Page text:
In his State of the Union address, President Obama has called for a national increase in the minimum wage standard of the country. The President has proposed to raise the minimum wage to $9 from its current $7.25. The newly proposed amount would also have safeguards to account for inflation, which the current standard does not.
This demand comes at a time when the National Center for Law and Economic Justice supports that one in seven Americans lives in poverty, with one in sixteen Americans living in deep poverty. Poverty, of course, exacerbates tension and has been linked to decreased social mobility, increased rates of violence, and increased likelihood of being a young parent.
Addressing poverty, both at home and abroad, is a key, central way to better the standard of living for millions as the better able families are to support themselves, the more efficient the employee, the better the consumer, and the more stable the economy.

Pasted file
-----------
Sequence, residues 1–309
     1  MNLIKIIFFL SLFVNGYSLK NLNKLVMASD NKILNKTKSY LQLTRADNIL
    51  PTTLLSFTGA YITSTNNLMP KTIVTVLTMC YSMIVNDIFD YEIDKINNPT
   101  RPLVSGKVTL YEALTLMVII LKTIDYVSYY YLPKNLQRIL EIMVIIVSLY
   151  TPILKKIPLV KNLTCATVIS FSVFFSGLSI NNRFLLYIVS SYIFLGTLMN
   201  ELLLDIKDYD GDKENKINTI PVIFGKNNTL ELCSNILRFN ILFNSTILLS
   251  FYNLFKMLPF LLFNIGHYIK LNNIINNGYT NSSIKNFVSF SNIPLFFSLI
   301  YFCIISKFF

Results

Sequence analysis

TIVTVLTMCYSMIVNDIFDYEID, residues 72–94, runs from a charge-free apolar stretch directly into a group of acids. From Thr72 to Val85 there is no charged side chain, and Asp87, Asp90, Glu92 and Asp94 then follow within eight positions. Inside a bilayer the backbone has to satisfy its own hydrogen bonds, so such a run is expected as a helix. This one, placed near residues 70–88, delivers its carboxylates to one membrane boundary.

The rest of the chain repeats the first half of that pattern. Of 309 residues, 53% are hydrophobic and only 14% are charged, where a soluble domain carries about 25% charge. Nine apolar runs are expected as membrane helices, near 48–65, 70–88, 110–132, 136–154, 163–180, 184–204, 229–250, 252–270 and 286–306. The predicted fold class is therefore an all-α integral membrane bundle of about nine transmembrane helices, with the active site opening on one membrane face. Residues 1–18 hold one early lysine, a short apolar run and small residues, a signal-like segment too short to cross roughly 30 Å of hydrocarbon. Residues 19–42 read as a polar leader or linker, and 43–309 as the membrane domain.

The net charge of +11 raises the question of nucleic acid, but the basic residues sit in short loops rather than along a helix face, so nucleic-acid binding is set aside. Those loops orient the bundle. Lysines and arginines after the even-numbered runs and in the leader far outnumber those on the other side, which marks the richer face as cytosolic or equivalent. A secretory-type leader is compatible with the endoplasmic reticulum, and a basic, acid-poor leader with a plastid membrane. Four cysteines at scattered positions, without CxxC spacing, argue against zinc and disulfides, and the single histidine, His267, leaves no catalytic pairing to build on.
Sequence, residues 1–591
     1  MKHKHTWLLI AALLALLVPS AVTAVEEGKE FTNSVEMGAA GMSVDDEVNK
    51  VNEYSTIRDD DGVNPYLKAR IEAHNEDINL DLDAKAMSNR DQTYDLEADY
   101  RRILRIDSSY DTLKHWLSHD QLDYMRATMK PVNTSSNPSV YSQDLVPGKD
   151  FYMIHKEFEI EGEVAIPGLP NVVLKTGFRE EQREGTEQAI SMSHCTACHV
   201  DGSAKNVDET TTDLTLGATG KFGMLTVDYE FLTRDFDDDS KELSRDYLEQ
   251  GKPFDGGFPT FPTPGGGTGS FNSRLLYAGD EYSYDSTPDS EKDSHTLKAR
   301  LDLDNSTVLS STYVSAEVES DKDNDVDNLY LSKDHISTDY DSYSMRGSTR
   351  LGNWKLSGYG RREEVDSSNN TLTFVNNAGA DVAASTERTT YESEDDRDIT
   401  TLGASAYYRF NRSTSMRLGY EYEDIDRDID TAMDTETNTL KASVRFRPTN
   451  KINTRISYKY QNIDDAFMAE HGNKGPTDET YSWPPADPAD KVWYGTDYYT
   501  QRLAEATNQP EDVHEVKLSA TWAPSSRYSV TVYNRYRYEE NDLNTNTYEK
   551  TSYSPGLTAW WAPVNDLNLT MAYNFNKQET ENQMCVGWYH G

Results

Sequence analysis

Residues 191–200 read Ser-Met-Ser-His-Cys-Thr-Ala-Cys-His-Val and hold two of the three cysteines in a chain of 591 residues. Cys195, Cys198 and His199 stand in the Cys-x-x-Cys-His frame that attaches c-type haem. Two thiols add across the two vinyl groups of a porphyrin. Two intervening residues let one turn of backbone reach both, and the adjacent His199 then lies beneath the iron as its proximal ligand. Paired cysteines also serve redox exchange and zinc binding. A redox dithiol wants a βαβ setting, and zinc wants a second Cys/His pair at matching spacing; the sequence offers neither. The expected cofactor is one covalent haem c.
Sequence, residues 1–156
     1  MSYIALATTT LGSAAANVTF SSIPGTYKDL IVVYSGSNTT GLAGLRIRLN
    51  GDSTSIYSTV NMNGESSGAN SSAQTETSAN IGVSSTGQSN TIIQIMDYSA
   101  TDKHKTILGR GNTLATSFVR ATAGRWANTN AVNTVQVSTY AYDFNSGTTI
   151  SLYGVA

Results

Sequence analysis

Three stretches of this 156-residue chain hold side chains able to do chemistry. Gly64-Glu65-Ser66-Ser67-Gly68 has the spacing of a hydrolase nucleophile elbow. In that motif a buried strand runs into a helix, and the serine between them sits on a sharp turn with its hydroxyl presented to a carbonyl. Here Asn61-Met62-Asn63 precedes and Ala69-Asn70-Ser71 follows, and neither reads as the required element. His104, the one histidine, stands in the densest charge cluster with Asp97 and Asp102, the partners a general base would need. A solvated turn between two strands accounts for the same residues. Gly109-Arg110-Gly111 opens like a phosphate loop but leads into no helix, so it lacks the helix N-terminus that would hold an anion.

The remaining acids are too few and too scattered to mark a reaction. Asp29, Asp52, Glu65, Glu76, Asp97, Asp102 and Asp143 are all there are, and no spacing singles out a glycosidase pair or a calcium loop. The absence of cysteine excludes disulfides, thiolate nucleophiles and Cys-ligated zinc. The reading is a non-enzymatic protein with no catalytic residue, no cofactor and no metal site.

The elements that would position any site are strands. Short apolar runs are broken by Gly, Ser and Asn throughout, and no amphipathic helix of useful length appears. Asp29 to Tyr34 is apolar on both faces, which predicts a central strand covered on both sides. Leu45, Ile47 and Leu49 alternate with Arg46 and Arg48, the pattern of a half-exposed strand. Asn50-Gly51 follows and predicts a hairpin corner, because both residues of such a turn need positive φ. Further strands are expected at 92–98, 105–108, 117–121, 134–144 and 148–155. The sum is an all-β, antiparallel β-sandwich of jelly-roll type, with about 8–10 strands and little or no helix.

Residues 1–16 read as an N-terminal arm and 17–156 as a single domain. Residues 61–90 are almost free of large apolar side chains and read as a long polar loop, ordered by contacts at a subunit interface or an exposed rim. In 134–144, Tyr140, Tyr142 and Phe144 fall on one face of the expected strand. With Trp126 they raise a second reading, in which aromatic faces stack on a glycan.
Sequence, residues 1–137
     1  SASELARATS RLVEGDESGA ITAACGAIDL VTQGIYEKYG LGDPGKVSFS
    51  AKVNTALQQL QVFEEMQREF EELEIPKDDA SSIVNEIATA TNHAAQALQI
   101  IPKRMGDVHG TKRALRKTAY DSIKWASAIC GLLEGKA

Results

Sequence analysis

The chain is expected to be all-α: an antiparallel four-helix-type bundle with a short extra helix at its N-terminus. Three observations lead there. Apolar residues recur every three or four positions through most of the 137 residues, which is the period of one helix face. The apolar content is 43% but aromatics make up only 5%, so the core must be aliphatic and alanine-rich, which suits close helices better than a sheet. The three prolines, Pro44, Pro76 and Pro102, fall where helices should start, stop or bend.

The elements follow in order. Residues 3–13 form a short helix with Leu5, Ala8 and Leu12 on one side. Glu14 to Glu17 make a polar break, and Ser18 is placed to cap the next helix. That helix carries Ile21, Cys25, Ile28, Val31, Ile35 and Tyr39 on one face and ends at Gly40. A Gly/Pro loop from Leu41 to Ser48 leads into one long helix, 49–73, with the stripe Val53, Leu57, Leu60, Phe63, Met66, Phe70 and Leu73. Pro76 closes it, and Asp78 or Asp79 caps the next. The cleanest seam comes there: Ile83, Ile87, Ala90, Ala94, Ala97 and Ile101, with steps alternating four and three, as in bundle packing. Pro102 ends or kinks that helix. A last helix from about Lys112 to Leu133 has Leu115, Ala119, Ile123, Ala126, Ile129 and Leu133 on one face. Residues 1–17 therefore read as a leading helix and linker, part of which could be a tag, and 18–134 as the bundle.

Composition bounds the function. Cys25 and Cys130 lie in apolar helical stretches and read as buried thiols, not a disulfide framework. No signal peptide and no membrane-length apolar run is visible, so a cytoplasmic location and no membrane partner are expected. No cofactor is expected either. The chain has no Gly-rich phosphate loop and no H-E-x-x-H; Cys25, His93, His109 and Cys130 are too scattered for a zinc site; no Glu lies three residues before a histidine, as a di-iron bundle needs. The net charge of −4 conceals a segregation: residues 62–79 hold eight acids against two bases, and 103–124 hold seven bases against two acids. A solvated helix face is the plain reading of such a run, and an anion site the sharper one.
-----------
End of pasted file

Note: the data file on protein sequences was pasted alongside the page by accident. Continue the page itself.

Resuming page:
CNNMoney, however, has debunked the myth that raising the minimum wage in America is the only element necessary to raise a family out of poverty. For a family of four making at least $9/hr, and while taking advantage of several key tax breaks, Tami Luhby of CNNMoney writes that the new rate would be barely enough to lift the family above the poverty line, and hardly enough to raise their standard of living by much in light of the U.S.’s dependence on a tax code that has been decried as “broken” by many.
While raising the minimum wage would be a step in the right direction towards addressing poverty in the United States, advocates for economic justice argue that helping people find higher-paying jobs is another, more effective, means of fighting poverty.
– Nina Narang